A Bayesian test for the 4.2 ka BP abrupt climatic change event in southeast Europe and southwest Asia using structural time series analysis of paleoclimate data

Abstract

It has been proposed that there was an abrupt climatic change event around 4.2 ka BP that affected societies and even has been linked to the collapse of empires. Subsequent studies have reached conclusions that both support and contradict the proposed event; yet nevertheless, 4.2 ka BP has now been adopted as the stratigraphic boundary point between the Middle and Upper Holocene. Time series plots of paleoclimate studies that claim to support the abrupt climate change hypothesis show differing temporal patterns so, in this study, we apply the Bayesian structural time series (BSTS) approach using the CausalImpact package to test data from southeast Europe and southwest Asia for which it is claimed that they demonstrate a climatic anomaly around 4.2 ka BP. To do this, each “affected” time series is synthetically reconstructed using “unaffected” series as predictors in a fully Bayesian framework by the BSTS method and then forecast beyond the assumed starting point of the event. A Bayesian hypothesis test is then applied to differences between each synthetic and real time series to test the impact of the event against the forecast data. While our results confirm that some studies cited in support of the 4.2 ka BP event hypothesis do indeed hold true, we also show that a number of other studies fail to demonstrate any credible effect. We observe spatial and data patterning in our results, and we speculate that this climatic deterioration may have been a consequence of an asymmetrical northward expansion or migration of the Northern Hemisphere Hadley cell. Furthermore, we observe that while the signals are generally not credible, types of proxy data from the Mesopotamia region and east are consistent with aeolian dust storms.

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Fig. 1
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Code availability

All the data used through this study and the code are available through https://github.com/zboraon/causalimpactfor4_2kaBPevent.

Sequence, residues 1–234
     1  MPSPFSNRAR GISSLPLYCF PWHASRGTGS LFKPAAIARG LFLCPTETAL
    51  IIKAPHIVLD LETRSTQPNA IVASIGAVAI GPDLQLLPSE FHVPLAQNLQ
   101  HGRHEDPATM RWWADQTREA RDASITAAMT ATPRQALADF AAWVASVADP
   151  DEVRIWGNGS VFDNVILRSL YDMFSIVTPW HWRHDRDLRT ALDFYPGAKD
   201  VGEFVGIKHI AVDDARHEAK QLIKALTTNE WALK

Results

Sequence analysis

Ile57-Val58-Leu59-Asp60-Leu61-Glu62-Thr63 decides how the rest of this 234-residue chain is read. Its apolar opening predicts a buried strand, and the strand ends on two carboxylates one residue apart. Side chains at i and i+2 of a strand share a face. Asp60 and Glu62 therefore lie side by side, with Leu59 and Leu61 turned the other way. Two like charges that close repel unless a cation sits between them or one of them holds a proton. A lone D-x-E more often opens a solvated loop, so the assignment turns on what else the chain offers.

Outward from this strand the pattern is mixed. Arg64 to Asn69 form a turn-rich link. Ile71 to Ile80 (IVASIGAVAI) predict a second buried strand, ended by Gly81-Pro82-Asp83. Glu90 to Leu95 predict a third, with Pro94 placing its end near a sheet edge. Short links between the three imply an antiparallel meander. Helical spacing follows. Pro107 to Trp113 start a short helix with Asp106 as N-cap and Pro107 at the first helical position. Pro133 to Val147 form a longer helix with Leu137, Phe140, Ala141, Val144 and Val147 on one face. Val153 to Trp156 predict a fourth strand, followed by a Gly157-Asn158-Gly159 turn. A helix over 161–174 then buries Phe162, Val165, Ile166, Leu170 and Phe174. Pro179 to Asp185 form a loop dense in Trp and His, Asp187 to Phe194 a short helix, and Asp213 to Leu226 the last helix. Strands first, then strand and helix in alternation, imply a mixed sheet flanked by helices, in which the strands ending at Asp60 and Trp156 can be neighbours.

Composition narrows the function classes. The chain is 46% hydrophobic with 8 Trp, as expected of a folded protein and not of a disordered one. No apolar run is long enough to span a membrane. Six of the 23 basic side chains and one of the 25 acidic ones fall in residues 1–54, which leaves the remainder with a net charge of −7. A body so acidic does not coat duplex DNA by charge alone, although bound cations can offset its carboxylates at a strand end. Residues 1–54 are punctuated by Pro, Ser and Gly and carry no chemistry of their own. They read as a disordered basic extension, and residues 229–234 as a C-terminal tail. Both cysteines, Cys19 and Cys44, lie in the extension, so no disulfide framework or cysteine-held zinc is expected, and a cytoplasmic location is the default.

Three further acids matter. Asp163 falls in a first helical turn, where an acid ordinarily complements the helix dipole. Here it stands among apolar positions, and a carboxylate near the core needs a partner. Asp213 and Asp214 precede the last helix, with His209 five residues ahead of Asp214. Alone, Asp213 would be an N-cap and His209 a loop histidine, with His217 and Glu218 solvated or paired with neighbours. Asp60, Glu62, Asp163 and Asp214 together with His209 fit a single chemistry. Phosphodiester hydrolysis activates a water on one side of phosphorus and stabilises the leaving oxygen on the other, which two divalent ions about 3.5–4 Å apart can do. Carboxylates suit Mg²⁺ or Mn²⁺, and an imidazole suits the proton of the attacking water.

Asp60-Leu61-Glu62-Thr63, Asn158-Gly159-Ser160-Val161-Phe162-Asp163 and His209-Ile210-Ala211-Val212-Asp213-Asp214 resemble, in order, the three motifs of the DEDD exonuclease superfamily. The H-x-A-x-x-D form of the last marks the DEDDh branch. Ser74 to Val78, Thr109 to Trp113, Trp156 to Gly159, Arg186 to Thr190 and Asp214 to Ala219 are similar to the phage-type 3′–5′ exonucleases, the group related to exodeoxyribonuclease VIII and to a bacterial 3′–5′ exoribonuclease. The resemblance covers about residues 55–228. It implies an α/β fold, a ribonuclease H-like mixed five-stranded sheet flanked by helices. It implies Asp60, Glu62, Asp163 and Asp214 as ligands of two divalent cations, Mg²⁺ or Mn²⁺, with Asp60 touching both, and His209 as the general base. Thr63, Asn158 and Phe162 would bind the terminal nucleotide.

Notes

  1. 1.

    Kiloannum before present, meaning thousand years before 1950 CE.

  2. 2.

    Within the scope of this study, the term “impact” signifies only a change in the nature of the time series. We do not presuppose the physical cause of that impact, which may be external or created by an extreme climate state as a result of nonlinear interactions within the dynamic climate system itself without any external trigger.

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Acknowledgements

We would like to thank to Ali Kerem Uludaǧ and Ahmet Dinçer Çevik for their inspiring ideas. Dr. Andaç Hamamcı, Dr. Günter Landmann, Prof. Neil Macdonald, and Dr. James Lea read the manuscript and offered corrections. We sincerely thank the three anonymous reviewers for their constructive and helpful comments. All the graphs are plotted through an open source scientific plotting package, Veusz, version 3.0.1 (https://veusz.github.io/). Available data have been collected through web archives or from the corresponding authors. Digitally unavailable data have been digitized through an open source software, Engauge Digitizer, version 10.4 (https://markummitchell.github.io/engauge-digitizer/). All the filtering and interpolation procedure explained in the text are made through a commercial software (MATLAB 8.2, The MathWorks Inc., Natick, MA, 2013).

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The authors received no financial support for the research, authorship, and/or publication of this article except travel funds for Dr. Greaves were provided by the University of Liverpool School of Histories, Languages and Cultures.

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Conceptualization: Z.B.Ö., A.M.G., and S.A.Ö. Data collection and literature review: Z.B.Ö. and S.A.Ö. Methodology: Z.B.Ö. and M.S.Ö. Data analysis and interpretation of the results: Z.B.Ö., M.S.Ö., A.M.G., and S.A.Ö. Writing—original draft preparation: Z.B.Ö., M.S.Ö., A.M.G., and S.A.Ö. Writing—review and editing: Z.B.Ö., A.M.G., and M.S.Ö. All the authors have read and agreed to the published version of the manuscript.

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Correspondence to Z. B. Ön.

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Ön, Z.B., Greaves, A.M., Akçer-Ön, S. et al. A Bayesian test for the 4.2 ka BP abrupt climatic change event in southeast Europe and southwest Asia using structural time series analysis of paleoclimate data. Climatic Change 165, 7 (2021). https://doi.org/10.1007/s10584-021-03010-6

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Keywords

  • Causal impact
  • Holocene
  • Rapid climate change
  • Early Bronze Age
  • Eastern Mediterranean